Stan, Beginning in the 1970s, all my triplane edge bodyboards were prototyped that way, i.e. as "(SUPOB) shape up and paddle out boards". I used a core which was wrapped with a thin layer of much denser/finer closed-cell foam. I was sometimes able to make the necessary adjustments either in the water, or on the beach. It was obvious early on that the process of understanding and tuning a board design was significantly more intuitively accurate and efficient... as opposed to going back to the shop hours (or days) later to try and make the imagined improvements. Ive often pondered the creation of a surfboard foam that was strong enough without lamination… maybe one which could be shaped and then briefly heated just enough to meld smooth the outer layer of open cells. In the sign industry, Ive worked with many types of plastics, such as certain types expanded PVCs and polycarbonates, which could be cleanly heat-finished with a carefully directed hot air gun. With something like this kind of material, a board could easily be shaped, ridden/evaluated and modified all in the same day. That would provide the basis for not only a legitimate design revolution, but also eliminate any advantage that a mass-producer of surfboards might have hoped to attain in a progressive, performance-driven market. To my way of thinking… anything of quality that allowed such quick, relatively easy, meaningful change, and was widely available to anyone who wanted it, would be a literal revolution in itself.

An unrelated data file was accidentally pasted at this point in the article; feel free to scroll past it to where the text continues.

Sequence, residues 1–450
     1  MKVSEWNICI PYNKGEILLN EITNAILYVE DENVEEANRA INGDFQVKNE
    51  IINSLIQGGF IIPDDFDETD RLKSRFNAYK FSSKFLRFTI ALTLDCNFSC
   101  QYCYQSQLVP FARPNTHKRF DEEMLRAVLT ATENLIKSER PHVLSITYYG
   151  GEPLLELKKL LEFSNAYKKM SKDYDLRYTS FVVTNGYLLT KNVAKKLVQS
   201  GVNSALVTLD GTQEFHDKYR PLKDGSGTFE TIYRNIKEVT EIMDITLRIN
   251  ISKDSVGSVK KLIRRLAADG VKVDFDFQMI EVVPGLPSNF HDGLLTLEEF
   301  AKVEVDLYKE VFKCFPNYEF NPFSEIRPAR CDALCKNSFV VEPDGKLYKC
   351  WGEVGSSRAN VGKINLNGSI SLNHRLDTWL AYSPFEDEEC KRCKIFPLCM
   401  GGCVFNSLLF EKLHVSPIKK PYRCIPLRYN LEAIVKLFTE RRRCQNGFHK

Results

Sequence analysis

Yup! I think that the need for the flexiblility in design and modification is critical to get things moveing. That coupled with low cost would fit the bill. The SUPOB’s we built in the Late '60’s were just a clark blank and a hot coat of Latex paint. They lasted a couple of go outs and would break. Never the less the learning potential really made its self apparent. The deal is people would just need to rethink what a surfboard looks like. Introduction of this is just that simple. Perfecting the designs need to take into account the “timber” or flexural properties of the SUPOB as they are slightly different that Glassed boards. They are a touch softer but not much. Maybe they could be made to have exactly the same flex as conventional boards. It certainly is possible but it will take work and commitment to the premise. Maybe that flex quality could be used to enhance the performance? Some other guys did that way back when. SUPOB’s will never get there if we don’t work on them.